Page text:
4 Ways To Deal With Chronic Pain

According to the CDC, around 20.4% of adults in America experience chronic pain; that's around 50 million people. Additionally, 8% are experiencing high-impact chronic pain, meaning the pain is experienced most days, if not every day. 

More and more Americans are searching for ways to alleviate their pain without having to resort to taking pain pills. In this day and age, there is a wealth of opportunities for pain management afforded to those in the market for it.

1. Interventional injections services

For more severe instances, many people choose interventional injections to assist with pain management. These can be given at the moment of pain, but they can also be scheduled via appointment as a preventative practice. Various pain-relieving drugs can be injected through the skin. Possible sites include the knees, back, hips, buttocks, and even ankles. These may be injected into the muscle (intramuscular injection) or even injected into the joint itself (intra-articular injection) if the subject is experiencing joint pain. Injections are typically faster than pain-relieving drugs taken by mouth, due to their ability to bypass the stomach and arrive straight at the pain site.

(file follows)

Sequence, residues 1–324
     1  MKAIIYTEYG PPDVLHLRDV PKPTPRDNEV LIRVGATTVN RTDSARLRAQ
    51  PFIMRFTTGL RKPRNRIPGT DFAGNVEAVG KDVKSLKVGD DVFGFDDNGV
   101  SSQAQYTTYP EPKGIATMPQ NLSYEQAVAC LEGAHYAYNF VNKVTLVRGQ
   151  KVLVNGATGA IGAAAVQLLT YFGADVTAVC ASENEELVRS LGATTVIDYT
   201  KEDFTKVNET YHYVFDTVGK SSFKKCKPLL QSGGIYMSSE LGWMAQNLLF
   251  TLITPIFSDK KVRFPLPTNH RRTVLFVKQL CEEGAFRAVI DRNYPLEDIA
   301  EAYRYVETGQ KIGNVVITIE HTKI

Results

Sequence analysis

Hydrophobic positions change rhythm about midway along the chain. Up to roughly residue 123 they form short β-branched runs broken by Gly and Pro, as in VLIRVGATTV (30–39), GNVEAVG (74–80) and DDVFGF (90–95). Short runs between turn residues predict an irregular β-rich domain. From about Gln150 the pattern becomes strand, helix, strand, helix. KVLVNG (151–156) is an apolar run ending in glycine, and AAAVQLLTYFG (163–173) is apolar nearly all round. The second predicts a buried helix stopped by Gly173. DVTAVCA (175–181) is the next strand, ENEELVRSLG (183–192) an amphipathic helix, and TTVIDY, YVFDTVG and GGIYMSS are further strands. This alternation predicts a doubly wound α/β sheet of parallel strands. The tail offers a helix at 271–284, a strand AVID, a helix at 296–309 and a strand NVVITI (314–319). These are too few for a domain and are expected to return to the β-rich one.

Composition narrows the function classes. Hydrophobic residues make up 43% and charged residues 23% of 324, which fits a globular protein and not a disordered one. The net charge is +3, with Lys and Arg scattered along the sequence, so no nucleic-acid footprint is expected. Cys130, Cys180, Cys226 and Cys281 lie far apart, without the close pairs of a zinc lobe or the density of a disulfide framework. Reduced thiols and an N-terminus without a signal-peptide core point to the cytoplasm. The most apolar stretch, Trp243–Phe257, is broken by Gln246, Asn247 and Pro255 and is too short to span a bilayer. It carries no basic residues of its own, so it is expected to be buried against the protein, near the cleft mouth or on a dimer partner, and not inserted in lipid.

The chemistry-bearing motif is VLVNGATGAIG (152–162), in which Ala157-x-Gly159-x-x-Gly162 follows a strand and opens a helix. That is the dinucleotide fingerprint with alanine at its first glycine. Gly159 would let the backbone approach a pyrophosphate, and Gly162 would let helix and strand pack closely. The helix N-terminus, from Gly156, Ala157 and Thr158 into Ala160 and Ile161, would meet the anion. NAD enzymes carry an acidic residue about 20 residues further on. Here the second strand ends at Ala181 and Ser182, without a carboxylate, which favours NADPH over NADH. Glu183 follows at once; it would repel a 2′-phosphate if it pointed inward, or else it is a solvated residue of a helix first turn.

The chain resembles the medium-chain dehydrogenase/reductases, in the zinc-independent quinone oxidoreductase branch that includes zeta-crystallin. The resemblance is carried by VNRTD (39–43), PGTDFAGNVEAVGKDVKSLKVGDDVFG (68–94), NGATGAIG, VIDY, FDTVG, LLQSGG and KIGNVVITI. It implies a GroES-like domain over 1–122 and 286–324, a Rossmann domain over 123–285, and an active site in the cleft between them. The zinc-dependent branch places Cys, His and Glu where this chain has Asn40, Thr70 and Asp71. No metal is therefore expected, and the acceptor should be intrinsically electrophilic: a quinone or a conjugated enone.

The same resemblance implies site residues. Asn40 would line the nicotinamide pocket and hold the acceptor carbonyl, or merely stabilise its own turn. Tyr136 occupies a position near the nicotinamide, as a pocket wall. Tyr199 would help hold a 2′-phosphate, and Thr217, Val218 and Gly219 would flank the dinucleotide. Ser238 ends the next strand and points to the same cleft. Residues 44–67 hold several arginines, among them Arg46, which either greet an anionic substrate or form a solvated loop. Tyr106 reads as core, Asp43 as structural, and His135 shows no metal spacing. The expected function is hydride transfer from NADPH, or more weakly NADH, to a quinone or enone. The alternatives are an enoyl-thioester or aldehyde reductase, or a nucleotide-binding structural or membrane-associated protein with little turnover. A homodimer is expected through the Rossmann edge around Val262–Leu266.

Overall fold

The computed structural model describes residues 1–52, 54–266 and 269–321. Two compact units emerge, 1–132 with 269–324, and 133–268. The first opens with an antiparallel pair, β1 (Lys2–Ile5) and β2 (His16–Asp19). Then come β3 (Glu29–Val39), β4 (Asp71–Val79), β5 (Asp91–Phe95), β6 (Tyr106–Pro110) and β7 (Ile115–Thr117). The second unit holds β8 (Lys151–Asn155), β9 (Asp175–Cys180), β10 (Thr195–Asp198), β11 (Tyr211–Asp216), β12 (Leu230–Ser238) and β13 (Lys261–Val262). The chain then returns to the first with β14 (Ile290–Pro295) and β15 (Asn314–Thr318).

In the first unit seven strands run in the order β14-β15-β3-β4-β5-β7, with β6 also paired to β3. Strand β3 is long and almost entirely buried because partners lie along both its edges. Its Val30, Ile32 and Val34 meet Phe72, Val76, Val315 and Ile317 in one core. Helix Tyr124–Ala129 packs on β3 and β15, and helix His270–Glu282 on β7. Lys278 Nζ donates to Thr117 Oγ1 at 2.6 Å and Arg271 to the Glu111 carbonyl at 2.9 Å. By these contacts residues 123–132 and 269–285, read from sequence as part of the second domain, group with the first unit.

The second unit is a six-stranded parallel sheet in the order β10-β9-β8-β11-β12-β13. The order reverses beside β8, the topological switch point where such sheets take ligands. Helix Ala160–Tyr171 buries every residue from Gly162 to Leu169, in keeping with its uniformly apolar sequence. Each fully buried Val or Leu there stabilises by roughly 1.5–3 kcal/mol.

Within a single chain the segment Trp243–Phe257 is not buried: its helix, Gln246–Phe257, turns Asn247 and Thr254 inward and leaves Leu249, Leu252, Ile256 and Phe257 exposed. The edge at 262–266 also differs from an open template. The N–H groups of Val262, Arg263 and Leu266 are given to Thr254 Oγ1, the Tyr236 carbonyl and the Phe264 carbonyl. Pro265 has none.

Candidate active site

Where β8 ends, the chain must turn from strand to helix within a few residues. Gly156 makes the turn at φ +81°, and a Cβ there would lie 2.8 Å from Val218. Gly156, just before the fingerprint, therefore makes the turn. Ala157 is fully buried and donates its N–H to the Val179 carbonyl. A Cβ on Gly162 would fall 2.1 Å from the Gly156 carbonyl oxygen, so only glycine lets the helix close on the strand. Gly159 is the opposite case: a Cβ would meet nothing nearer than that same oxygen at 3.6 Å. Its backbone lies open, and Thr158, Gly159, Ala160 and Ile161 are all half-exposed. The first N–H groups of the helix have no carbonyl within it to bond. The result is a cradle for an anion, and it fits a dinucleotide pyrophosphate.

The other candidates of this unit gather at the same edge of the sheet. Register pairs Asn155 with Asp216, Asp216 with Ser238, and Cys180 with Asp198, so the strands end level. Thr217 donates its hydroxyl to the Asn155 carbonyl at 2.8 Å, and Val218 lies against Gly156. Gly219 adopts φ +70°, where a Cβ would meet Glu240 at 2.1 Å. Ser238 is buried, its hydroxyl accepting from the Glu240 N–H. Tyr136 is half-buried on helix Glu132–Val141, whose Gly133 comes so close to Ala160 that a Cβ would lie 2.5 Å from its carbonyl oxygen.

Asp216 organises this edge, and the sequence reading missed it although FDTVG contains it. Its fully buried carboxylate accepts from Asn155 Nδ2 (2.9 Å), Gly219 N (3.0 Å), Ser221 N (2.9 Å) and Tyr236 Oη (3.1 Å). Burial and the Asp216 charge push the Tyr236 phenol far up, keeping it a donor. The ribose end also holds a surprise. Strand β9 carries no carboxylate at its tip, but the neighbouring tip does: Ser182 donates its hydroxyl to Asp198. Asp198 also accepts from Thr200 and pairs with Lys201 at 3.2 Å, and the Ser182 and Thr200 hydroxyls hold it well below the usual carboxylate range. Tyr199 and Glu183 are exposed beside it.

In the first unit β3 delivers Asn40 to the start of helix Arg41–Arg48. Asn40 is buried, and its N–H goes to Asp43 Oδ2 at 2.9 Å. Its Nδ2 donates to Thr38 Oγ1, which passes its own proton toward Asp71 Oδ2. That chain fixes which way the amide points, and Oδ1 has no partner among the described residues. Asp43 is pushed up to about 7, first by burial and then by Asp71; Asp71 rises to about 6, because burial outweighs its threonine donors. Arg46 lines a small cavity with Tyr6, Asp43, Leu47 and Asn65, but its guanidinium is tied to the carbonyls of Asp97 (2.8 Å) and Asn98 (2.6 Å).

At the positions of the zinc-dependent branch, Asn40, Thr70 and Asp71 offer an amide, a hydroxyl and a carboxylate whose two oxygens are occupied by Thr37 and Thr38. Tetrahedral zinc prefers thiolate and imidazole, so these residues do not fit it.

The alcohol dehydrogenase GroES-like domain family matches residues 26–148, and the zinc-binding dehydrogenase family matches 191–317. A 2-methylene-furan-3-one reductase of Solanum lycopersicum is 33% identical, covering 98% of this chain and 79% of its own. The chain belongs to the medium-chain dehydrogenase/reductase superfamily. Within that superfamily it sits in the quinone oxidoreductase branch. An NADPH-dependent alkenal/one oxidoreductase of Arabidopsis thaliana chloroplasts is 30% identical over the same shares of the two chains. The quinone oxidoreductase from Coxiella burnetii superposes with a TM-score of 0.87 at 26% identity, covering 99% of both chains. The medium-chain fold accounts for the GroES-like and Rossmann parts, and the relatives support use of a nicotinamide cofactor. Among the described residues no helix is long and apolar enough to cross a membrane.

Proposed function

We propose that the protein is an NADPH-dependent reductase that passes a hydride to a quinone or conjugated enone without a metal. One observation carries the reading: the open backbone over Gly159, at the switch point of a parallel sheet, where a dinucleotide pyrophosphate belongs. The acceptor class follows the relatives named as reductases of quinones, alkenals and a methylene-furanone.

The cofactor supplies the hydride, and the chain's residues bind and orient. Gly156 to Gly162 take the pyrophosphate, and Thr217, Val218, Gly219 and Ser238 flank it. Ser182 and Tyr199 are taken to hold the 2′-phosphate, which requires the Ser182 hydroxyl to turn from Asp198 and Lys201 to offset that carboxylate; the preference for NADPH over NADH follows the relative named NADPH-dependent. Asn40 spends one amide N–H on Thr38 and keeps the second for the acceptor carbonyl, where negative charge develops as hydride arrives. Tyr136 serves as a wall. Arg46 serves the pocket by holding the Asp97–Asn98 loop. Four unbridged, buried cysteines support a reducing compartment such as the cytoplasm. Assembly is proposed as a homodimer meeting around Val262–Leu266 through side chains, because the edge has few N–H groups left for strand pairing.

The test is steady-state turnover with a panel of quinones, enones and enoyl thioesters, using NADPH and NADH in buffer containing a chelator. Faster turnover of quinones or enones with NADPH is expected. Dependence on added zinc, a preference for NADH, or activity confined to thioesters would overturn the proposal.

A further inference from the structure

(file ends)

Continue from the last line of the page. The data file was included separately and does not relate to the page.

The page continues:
2. Massage

Massage has long been used as a way to alleviate minor aches and pains. The act of massage relaxes the muscles, and repeated massage helps the body stay more relaxed. Massage packages can include the use of hot stones or essential oils, adding extra health and pain-relieving benefits. The massage therapist will assess the body's pain sites and can focus heavily on specified areas by request.

3. Physical Therapy

For those who find that their pain is on the more extreme side, physical therapy may be the way to go. Your physical therapist will work with you to figure out where the problem areas are and which activities make it better or worse, and they can draw up an exercise plan tailored to your needs. Some therapists even offer water therapy, which will allow the body time to practice therapeutic exercise without the initial hindrance of gravity. 

4. Go For Walks

Though it is tempting to stay in bed, remaining stationary in the face of pain is ill-advised in any circumstance. The first thing a doctor will suggest to any patient for nearly any ailment is exercise. Even exercise as light as participating in daily walks, with or without a partner, can be good for chronic pain. While not necessarily guaranteed to alleviate the pain, it is a good place to start for any person experiencing discomfort. 

If you are experiencing chronic pain, contact a professional such as Joel D Stein DO PA.